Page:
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STORMS RIP THROUGH STATES

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In the aftermath of tornadoes that twisted small businesses into piles of rubble and floods that inundated whole towns, the first comprehensive estimates of insured damage from the weather events in the opening days of March may be available this week.

The commercial damage numbers, however, aren't likely to be staggering, because most of the losses were away from major metropolitan areas.

As of late last week, major commercial insurers-including American International Group Inc., Kemper Insurance Cos., Liberty Mutual Group and Royal Insurance Group-received very few if any claims from the storms that ravaged the midsection of the country from Texas to West Virginia March 1-7, causing at least 56 deaths.

State Farm Insurance Group anticipates it eventually will get $14 million in claims, the overwhelming majority involving homeowners insurance, from the Arkansas tornadoes. The Bloomington, Ill.-based insurer had received 1,156 tornado-related claims as of Friday morning.

A preliminary estimate from Nationwide Insurance Group projects that the Columbus, Ohio-based insurer will receive 2,400 claims from the affected area totaling $11.6 million. The Arkansas tornadoes are expected to account for $2 million of that total, most of the rest of which will come from Kentucky, Ohio and West Virginia.

Allstate Insurance Group received more than 2,500 storm-related claims by late last week, though the Northbrook, Ill.-based insurer does not release damage estimates.

The Property Claim Services division of the American Insurance Services Group expects to issue a preliminary insured property loss estimate this week. Much of the flood damage, if insured at all, will be covered by the National Flood Insurance Program rather than commercial insurance.

Residents and businesses now are left to pick up the pieces from the violent storms, which slashed across the country from northeast Texas through parts of Arkansas, Mississippi, Tennessee, Kentucky, West Virginia, Ohio and Indiana.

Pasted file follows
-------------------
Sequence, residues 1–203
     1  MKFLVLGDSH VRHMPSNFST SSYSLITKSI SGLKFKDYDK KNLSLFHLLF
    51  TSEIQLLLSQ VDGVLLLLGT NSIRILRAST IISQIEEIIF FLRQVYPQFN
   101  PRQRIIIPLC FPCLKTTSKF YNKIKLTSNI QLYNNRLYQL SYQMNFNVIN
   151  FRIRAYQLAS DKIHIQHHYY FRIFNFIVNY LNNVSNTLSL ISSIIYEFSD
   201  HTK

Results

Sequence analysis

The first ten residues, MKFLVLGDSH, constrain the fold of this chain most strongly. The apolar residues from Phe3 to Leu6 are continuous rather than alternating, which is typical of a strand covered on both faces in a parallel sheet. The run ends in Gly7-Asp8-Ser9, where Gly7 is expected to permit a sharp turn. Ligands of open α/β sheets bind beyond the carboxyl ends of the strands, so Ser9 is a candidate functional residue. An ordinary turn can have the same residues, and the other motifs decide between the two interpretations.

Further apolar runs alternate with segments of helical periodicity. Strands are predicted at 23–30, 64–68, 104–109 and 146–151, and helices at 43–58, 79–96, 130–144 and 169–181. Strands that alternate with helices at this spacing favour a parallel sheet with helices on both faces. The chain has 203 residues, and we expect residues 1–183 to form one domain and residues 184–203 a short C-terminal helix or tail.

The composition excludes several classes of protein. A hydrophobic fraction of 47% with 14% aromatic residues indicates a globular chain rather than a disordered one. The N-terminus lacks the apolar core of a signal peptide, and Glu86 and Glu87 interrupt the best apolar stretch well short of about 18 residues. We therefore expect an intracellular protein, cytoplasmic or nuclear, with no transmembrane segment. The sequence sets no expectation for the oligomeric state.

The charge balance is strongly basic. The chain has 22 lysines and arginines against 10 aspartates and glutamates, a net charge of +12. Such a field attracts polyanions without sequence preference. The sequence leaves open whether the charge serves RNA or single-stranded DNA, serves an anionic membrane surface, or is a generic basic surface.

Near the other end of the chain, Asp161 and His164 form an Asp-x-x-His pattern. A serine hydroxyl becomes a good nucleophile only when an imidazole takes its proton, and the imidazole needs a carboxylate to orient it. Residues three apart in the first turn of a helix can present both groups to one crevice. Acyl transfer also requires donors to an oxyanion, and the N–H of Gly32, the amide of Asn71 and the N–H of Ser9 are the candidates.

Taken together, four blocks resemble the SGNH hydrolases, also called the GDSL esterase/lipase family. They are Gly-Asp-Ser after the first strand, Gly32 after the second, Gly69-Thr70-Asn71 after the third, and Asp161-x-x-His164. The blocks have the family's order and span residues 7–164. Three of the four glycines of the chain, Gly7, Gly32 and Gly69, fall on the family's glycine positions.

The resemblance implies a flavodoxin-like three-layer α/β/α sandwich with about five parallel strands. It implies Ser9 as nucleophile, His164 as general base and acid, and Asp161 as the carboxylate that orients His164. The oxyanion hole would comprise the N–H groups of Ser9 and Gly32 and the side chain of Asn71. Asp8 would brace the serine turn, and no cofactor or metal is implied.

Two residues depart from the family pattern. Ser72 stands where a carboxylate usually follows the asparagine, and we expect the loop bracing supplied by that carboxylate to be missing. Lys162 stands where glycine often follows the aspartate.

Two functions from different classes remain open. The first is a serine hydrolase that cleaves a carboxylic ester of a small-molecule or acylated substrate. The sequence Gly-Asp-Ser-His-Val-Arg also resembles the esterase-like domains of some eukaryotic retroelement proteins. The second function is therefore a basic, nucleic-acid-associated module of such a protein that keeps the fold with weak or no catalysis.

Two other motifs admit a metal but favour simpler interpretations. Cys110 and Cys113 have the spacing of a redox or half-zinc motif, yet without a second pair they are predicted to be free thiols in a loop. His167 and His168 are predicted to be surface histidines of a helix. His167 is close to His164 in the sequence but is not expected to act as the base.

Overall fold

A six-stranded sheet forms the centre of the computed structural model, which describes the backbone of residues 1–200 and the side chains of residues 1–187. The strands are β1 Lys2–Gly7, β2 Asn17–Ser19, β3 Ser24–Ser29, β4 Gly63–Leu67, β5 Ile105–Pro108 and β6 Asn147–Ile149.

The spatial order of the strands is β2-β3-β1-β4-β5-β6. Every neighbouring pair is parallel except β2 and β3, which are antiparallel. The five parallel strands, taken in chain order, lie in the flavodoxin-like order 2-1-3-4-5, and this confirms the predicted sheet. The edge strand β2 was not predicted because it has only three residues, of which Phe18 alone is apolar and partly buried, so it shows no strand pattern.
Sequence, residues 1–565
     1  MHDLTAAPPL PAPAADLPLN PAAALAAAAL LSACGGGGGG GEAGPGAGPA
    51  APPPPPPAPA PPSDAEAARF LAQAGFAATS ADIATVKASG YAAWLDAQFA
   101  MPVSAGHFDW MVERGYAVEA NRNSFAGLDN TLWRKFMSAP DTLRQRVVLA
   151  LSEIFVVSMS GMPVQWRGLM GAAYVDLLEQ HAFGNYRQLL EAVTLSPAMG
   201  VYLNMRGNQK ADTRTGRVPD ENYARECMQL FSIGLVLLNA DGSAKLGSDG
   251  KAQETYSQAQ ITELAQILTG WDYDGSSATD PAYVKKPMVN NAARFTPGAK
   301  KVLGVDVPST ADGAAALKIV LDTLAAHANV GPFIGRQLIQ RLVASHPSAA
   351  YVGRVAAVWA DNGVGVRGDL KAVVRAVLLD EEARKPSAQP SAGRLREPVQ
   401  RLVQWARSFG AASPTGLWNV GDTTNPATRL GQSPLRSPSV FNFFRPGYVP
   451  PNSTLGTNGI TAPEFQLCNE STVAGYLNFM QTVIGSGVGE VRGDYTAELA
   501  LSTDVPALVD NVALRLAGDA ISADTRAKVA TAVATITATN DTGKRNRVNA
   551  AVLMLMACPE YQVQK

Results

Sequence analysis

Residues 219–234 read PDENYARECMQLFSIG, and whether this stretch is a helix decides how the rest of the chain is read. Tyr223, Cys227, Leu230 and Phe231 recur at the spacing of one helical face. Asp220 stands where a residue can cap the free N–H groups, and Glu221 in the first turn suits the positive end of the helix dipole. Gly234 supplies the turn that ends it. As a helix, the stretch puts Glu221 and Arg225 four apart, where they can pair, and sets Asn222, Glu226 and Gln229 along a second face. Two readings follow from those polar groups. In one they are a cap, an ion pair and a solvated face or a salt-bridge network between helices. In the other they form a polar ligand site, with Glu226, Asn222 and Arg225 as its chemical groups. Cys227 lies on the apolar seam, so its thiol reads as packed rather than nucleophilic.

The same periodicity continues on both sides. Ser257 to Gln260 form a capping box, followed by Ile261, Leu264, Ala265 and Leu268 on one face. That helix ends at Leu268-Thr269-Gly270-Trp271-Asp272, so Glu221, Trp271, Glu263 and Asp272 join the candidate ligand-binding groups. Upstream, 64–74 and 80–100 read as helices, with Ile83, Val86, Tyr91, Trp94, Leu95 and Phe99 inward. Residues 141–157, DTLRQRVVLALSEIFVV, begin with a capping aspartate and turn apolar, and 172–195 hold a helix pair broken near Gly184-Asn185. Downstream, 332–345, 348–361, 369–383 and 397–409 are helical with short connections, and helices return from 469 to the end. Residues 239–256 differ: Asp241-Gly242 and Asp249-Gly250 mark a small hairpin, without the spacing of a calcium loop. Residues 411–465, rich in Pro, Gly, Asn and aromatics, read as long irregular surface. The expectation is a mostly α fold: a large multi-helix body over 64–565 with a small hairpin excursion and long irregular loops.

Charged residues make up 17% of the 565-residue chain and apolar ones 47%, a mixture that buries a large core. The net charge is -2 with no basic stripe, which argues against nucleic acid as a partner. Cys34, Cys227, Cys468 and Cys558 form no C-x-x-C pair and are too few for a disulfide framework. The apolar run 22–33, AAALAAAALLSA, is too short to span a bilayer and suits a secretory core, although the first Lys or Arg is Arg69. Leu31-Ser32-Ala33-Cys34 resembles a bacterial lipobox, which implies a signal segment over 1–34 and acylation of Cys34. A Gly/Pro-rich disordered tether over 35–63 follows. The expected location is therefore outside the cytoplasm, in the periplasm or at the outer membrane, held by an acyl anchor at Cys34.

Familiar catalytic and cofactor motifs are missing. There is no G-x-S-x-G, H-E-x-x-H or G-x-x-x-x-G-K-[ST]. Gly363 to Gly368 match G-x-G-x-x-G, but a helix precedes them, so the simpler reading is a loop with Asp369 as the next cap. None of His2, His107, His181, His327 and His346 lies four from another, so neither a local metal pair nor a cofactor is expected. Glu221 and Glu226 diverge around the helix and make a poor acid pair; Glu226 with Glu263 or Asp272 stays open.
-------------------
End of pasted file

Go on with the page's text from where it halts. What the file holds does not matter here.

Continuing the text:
In Arkansas, as many as 20 tornadoes cut a 260-mile swath of destruction beginning in the southwest part of the state and ending in the northeast. In all, 24 people were killed, more than 200 were injured, and 21 counties were damaged and waiting for disaster assistance.

Hardest hit by the twisters was Arkadelphia, Ark., a town of some 10,000 people about 60 miles southwest of Little Rock. The deadly tornado there was reportedly three-quarters of a mile wide and is estimated to have stayed on the ground as long as 18 minutes, destroying the commercial downtown area, killing six people and injuring more than 80.

The Arkansas Insurance Department "conservatively" estimates total insured damage in the state to be $100 million, said Ronald Sheffield, deputy director of the department. Most of the damage hit rural and residential areas, but in Arkadelphia, damage was equal between commercial and personal property, he said.

President Clinton declared Ark-ansas a disaster area on March 2, and the Federal Emergency Management Agency has since designated 13 counties as qualifying for federal assistance. On March 4, President Clinton declared Ohio and Kentucky disaster areas, and FEMA designated 24 counties in Kentucky and 16 counties in Ohio as qualifying for assistance. No other states had been declared disaster areas as of the end of last week.

Dozens of locally owned businesses in Arkadelphia, including a flower shop, a bank, a restaurant and an accounting firm, were destroyed, added Robert Sikes, the state's risk manager. Employers in other parts of the state fared better.

Mr. Sikes estimates state property suffered between $360,000 and $690,000 in insured damages. "The state escaped, it really did.

"The tornado just missed a $100 million campus," he said, referring to Henderson State University in Arkadelphia. A $123,000 educational television tower in the town, however, was destroyed, as were three small office buildings the state was leasing.